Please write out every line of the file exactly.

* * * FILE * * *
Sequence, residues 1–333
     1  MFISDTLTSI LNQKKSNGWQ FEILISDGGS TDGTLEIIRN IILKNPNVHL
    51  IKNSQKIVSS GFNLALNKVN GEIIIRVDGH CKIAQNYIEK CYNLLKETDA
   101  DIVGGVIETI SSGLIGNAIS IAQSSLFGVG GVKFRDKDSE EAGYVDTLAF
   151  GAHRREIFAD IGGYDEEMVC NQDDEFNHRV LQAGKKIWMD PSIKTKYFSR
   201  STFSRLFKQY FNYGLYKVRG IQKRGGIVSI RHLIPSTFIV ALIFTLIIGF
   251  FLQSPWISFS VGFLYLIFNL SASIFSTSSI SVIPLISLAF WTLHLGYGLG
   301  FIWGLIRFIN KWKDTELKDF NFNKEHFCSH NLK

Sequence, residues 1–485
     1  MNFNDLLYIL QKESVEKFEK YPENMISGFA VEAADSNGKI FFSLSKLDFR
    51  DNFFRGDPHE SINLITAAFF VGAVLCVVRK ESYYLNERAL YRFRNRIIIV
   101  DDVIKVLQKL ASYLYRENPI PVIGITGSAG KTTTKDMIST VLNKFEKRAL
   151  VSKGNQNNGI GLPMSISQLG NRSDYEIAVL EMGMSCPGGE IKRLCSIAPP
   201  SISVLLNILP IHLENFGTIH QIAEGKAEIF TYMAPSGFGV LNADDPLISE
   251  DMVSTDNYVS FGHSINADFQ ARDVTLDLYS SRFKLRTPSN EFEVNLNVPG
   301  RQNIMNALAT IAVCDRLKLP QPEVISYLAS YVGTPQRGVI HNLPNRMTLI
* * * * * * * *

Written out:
Sequence, residues 1–333
     1  MFISDTLTSI LNQKKSNGWQ FEILISDGGS TDGTLEIIRN IILKNPNVHL
    51  IKNSQKIVSS GFNLALNKVN GEIIIRVDGH CKIAQNYIEK CYNLLKETDA
   101  DIVGGVIETI SSGLIGNAIS IAQSSLFGVG GVKFRDKDSE EAGYVDTLAF
   151  GAHRREIFAD IGGYDEEMVC NQDDEFNHRV LQAGKKIWMD PSIKTKYFSR
   201  STFSRLFKQY FNYGLYKVRG IQKRGGIVSI RHLIPSTFIV ALIFTLIIGF
   251  FLQSPWISFS VGFLYLIFNL SASIFSTSSI SVIPLISLAF WTLHLGYGLG
   301  FIWGLIRFIN KWKDTELKDF NFNKEHFCSH NLK

Sequence, residues 1–485
     1  MNFNDLLYIL QKESVEKFEK YPENMISGFA VEAADSNGKI FFSLSKLDFR
    51  DNFFRGDPHE SINLITAAFF VGAVLCVVRK ESYYLNERAL YRFRNRIIIV
   101  DDVIKVLQKL ASYLYRENPI PVIGITGSAG KTTTKDMIST VLNKFEKRAL
   151  VSKGNQNNGI GLPMSISQLG NRSDYEIAVL EMGMSCPGGE IKRLCSIAPP
   201  SISVLLNILP IHLENFGTIH QIAEGKAEIF TYMAPSGFGV LNADDPLISE
   251  DMVSTDNYVS FGHSINADFQ ARDVTLDLYS SRFKLRTPSN EFEVNLNVPG
   301  RQNIMNALAT IAVCDRLKLP QPEVISYLAS YVGTPQRGVI HNLPNRMTLI